5. The ITO made enquiries from the bank whether the assessee had encashed fixed deposit of Rs. 36,000 on that date, but was informed by the bank that there was no such fixed deposit to the credit of the assessee nor Rs. 36,000 had been withdrawn from the bank by the assessee from any fixed deposit account. However, it was discovered that on September 11, 1962, the assessee had deposited an amount of Rs. 36,000 with the bank for a period of one month. On being interrogated by the ITO, the assessee stated that the entry of September 14, 1,962, was a bogus one and had been erroneously made by his munim. Not satisfied with the explanation given by the assessee, the ITO included the sum of Rs. 36,000 in the assessment as income from undisclosed sources. However, on appeal by the assessee, the AAC accepted the assessee's explanation. The department thereupon filed an appeal before the Tribunal. After hearing both the parties, the Tribunal sent for the account books of the assessee-firm lying in the custody of the ITO and got them examined by the ITO to ascertain whether there was any debit entry in the assessee's cash book to counter-balance the credit entry of Rs. 36,000 of September 14, 1962, extracted above.. The assessee remained absent at the time of examination of accounts. His representative, who was present at the time when the account books were ordered to be summoned, stated to the Tribunal that after examination ofthe account books, whatever finding is given by the Tribunal, would be binding on the assessee. After examination of the accounts of the assessee, the Tribunal came to the conclusion that the entry of Rs. 36,000 made in the cash book of the assessee-firm on September 14, 1962, was not a bogus entry as alleged by the assessee, but the amount was there in the hands of the assessee though its source was not disclosed. Hence, the Tribunal allowed the appeal, set aside the AAC's order and restored that of the 1TO. The assessee moved an application under Section 254 of the Act for rectification on the ground that there was a mistake apparent on the face of the record inasmuch as the Tribunal was not correct in holding that there was no debit entry in the assessee's cash book to counter-balance the credit entry of Rs. 36,000 made on September 14, 1962. The contention on behalf of the assessee was that the aforesaid entry of Rs. 36,000 was counter-balanced by two entries on the debit side, namely, of Rs. 20,000 on January 11, 1963, and of Rs. 16,088.77 on July 31, 1963, withdrawn from the bank and shown in the cash book. However, the Tribunal rejected the assessee's application for rectification with the following observations :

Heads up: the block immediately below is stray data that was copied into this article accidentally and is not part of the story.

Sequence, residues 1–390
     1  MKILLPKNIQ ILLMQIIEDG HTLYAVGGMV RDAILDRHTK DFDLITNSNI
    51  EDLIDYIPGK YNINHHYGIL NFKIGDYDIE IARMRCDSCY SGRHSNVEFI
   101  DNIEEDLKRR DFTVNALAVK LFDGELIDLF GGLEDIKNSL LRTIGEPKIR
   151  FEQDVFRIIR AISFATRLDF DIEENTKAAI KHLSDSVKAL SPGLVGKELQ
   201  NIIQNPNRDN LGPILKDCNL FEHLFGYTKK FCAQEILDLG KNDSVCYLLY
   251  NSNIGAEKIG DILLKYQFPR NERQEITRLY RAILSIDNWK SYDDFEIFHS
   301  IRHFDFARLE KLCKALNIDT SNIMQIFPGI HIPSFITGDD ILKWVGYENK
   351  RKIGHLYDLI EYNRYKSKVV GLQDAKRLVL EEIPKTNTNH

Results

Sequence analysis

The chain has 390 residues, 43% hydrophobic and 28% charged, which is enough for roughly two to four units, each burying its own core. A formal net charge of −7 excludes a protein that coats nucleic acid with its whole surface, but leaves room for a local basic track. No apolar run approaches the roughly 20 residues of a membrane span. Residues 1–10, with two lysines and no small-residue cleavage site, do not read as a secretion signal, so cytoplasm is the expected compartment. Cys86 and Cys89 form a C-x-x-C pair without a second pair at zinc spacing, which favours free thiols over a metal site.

'In our opinion, the request of the assessee, if conceded to, would require a total re-examination of the entire issue and a re-hearing. In rectification proceedings, we are afraid, this is not permissible. The assessee was given a full opportunity by the Tribunal to present its view-points and to point out the discrepancies which the learned chartered accountant is now pointing out before us. If this opportunity was not availed of, the assessee has to face the consequences thereof. The contentions of the learned chartered accountant may or may not be ultimately found to be true. But to determine their worth, it would be necessary to enter into a detailed examination of the facts once again. It would not be, in our opinion, correct in law to permit this through rectification application.'